The conformal coating of a 50 nm-thick layer of copper nanoparticles deposited with pulse chemical vapor deposition of a copper (I) guanidinate precursor on the cladding of a single mode optical fiber was monitored by using a tilted fiber Bragg grating (TFBG) photo-inscribed in the fiber core. The pulse-per-pulse growth of the copper nanoparticles is readily obtained from the position and amplitudes of resonances in the reflection spectrum of the grating. In particular, we confirm that the real part of the effective complex permittivity of the deposited nano-structured copper layer is an order of magnitude larger than that of a bulk copper film at an optical wavelength of 1550 nm. We further observe a transition in the growth behavior from granular to continuous film (as determined from the complex material permittivity) after approximately 20 pulses (corresponding to an effective thickness of 25 nm). Finally, despite the remaining granularity of the film, the final copper-coated optical fiber is shown to support plasmon waves suitable for sensing, even after the growth of a thin oxide layer on the copper surface.
Conventional training simulators commonly use a hexapod configuration to provide motion cues. While widely used, studies have shown that hexapods are incapable of producing the range of motion required to achieve high fidelity simulation required in many applications. A novel alternative is the Atlas motion platform. This paper presents a new generalized kinematic model of the platform which can be applied to any spherical platform actuated by three omnidirectional wheels. In addition, conditions for slip-free and singularity-free motions are identified. Two illustrative examples are given for different omnidirectional wheel configurations.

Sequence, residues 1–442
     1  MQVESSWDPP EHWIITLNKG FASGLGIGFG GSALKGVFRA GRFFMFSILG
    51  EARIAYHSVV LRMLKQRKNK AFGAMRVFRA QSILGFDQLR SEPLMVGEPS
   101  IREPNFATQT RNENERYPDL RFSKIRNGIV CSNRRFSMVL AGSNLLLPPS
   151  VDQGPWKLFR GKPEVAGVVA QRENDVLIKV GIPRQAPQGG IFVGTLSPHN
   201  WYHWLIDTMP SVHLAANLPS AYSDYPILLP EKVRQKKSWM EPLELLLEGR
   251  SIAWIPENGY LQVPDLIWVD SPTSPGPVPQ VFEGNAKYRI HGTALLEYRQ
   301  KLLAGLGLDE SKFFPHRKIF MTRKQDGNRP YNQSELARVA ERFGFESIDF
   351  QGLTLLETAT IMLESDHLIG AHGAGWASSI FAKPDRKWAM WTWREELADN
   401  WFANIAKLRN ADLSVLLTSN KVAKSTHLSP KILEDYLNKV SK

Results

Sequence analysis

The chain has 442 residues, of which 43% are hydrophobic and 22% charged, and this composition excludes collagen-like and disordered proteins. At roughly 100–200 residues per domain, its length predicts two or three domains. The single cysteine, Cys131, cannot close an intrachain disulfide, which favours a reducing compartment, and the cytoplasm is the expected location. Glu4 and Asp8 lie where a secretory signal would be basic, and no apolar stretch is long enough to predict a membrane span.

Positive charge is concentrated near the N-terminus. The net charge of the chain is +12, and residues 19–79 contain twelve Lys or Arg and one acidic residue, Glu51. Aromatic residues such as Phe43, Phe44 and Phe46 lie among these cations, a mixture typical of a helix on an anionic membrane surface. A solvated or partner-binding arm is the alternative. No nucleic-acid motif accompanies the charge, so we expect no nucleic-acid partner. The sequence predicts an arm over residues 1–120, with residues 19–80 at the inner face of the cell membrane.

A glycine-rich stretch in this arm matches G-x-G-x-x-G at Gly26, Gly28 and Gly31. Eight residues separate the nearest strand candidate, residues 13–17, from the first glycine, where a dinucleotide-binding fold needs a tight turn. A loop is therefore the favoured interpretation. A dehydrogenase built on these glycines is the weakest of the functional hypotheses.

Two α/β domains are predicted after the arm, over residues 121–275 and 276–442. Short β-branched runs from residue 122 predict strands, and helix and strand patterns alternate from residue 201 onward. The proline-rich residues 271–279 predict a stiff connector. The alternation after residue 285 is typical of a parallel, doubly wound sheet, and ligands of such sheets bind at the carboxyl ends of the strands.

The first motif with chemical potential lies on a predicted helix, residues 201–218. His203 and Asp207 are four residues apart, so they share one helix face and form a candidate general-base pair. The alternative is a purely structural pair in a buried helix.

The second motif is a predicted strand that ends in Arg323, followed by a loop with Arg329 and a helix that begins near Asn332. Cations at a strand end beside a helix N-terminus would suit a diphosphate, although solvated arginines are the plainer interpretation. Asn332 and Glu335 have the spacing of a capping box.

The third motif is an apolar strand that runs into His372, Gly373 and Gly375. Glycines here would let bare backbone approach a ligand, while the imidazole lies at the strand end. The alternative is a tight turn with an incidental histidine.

We prove that, for every simple polygon P having k ≥ 1 reflex vertices, there exists a point q ε P such that every half-polygon that contains q contains nearly 1/2(k + 1) times the area of P. We also give a family of examples showing that this result is the best possible.
A simple new technique of parallelizing methods for solving search problems which seek collisions in pseudorandom walks is presented. This technique can be adapted to a wide range of cryptanalytic problems which can be reduced to finding collisions. General constructions are given showing how to adapt the technique to finding discrete logarithms in cyclic groups, finding meaningful collisions in hash functions, and performing meet-in-the-middle attacks such as a known-plaintext attack on double encryption. The new technique greatly extends the reach of practical attacks, providing the most cost-effective means known to date for defeating: the small subgroup used in certain schemes based on discrete logarithms such as Schnorr, DSA, and elliptic curve cryptosystems; hash functions such as MD5, RIPEMD, SHA-1, MDC-2, and MDC-4; and double encryption and three-key triple encryption. The practical significance of the technique is illustrated by giving the design for three $10 million custom machines which could be built with current technology: one finds elliptic curve logarithms in GF(2155) thereby defeating a proposed elliptic curve cryptosystem in expected time 32 days, the second finds MD5 collisions in expected time 21 days, and the last recovers a double-DES key from two known plaintexts in expected time 4 years, which is four orders of magnitude faster than the conventional meet-in-the-middle attack on double-DES. Based on this attack, double-DES offers only 17 more bits of security than single-DES.
We discuss two-party mutual authentication protocols providing authenticated key exchange, focusing on those using asymmetric techniques. A simple, efficient protocol referred to as the station-to-station (STS) protocol is introduced, examined in detail, and considered in relation to existing protocols. The definition of a secure protocol is considered, and desirable characteristics of secure protocols are discussed.